Exploring the hidden gems of Bermuda.
Sometimes tours can be hit or miss. You get crammed into a tour bus with dozens of other tourists, carted around from place to place without enough time to explore the sights completely. Thankfully, this was not the case at all with Hidden Gems of Bermuda. In fact, I can confidently state that it was the best tour that we’ve ever taken. The concept of the Hidden Gems tour completely peaked our interests: an all-inclusive, fully interactive, island eco-tour where we would explore many off the beaten path destinations. Sounds good to me! Join us as we take you around Bermuda on a virtual eco-tour of the island.
Our tour guide, Ashley, picked us up at our hotel for our full-day tour. We spent seven hours in total with Ashley – an entire day discovering Bermuda’s beautiful natural spots, including jungles, caves, and nature preserves. We were fortunate because we were the only couple on the tour, making it very much a private excursion for the two of us. Typically, a small group will travel around the island with Ashley, so it would still be an intimate experience. Our first stop on our journey was Tom Moore’s Jungle.
Tom Moore’s Jungle
Tom Moore’s Jungle, also known as the Walsingham Nature Reserve is located in Hamilton Parish. The jungle is named after the Irish poet, Tom Moore, who wrote many of his famous works in Bermuda. Here you will discover a forest, trails, caves, grottoes, mangroves, and many varieties of flora and fauna. The first place that Ashley showed us a crystal clear pool called the Blue Lagoon. Much of the water that flows into the caverns and ponds of the jungle comes from the nearby Castle Harbour. To our surprise, this pond was home to many kinds of fish! We could see many species of fish as we looked down on the pond, though the amount of fish became even more apparent to us after we viewed our GoPro footage later that evening. The largest resident of the Blue Lagoon is the Rainbow Parrotfish, although we kept seeing this gorgeous beauty called the Princess Parrotfish.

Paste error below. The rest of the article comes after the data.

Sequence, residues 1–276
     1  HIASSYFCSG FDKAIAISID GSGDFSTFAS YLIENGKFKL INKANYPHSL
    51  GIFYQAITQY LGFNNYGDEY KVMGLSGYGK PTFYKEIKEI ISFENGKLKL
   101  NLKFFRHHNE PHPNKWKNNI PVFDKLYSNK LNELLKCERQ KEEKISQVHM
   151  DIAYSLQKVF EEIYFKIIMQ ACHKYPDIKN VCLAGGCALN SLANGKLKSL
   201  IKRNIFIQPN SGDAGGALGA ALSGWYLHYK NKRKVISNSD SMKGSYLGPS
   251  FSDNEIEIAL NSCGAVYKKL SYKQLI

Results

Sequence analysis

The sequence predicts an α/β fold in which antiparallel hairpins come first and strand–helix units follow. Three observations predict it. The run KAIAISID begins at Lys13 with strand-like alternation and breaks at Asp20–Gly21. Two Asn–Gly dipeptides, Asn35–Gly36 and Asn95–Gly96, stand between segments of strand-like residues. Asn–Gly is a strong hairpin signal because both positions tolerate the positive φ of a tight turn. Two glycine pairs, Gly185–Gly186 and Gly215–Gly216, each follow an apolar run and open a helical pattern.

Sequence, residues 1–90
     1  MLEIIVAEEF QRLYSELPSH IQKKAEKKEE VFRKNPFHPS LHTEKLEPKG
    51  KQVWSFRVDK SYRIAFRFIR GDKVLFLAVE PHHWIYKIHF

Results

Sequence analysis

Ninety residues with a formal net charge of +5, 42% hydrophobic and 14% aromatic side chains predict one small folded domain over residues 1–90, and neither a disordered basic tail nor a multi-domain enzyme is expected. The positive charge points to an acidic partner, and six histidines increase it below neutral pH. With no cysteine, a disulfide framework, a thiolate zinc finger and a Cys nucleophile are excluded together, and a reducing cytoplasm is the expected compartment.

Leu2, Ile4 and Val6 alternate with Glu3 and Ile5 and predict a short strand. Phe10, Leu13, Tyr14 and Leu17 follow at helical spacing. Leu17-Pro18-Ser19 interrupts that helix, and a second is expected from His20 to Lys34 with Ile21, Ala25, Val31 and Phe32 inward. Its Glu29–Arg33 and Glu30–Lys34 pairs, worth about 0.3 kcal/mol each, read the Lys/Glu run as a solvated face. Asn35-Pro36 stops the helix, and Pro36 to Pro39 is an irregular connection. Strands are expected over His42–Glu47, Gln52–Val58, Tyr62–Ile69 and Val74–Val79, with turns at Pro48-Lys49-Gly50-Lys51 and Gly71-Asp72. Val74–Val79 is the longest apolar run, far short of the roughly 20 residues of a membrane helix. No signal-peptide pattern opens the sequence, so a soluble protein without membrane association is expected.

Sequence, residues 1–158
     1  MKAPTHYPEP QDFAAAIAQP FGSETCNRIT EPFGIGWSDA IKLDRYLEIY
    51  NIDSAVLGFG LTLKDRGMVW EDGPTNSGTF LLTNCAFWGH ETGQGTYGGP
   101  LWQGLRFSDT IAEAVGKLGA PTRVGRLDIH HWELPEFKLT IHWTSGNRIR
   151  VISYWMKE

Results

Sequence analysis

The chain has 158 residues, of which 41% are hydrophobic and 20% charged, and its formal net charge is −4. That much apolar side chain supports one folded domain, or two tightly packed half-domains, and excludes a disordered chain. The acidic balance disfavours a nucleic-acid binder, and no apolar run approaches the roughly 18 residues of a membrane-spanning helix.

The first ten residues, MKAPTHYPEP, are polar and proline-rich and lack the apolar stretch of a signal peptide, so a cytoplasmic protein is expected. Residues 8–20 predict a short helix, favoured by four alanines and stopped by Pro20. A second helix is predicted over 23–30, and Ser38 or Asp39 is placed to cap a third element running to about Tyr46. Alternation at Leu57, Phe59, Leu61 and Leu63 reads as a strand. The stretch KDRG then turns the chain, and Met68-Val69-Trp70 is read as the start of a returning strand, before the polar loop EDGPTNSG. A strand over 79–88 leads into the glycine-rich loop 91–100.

We continued our walk along the nature trails of Tom Moore’s Jungle. Bermuda had recently experienced an intense hurricane, which damaged many trees and paths in the jungle. Thankfully, most of the island remained unscathed and a full clean-up was underway as we visited. Ashley would typically take guests to the Blue Hole, but the path was blocked while we were there. No worries, there were plenty of other areas to explore in the jungle and we were thoroughly impressed by all of them. Our next stop was the Subway Cave.
We were each provided with a backpack complete with appropriate gear while venturing through the caves. Justin and I put on our helmets that had head lamps on them. These were very handy while exploring the caves as we were able to easily see in extremely dark places. Ashley also brought a higher-powered flashlight that could even be used underwater. The caves are not marked with signs in Tom Moore’s Jungle. It was very handy to travel along with a local guide who knew exactly where all of the best spots were located. As you can see from the photo above, the cave was quite concealed. I wouldn’t have even known there was such an impressive cave buried beneath the greenery and sprawling tree roots here.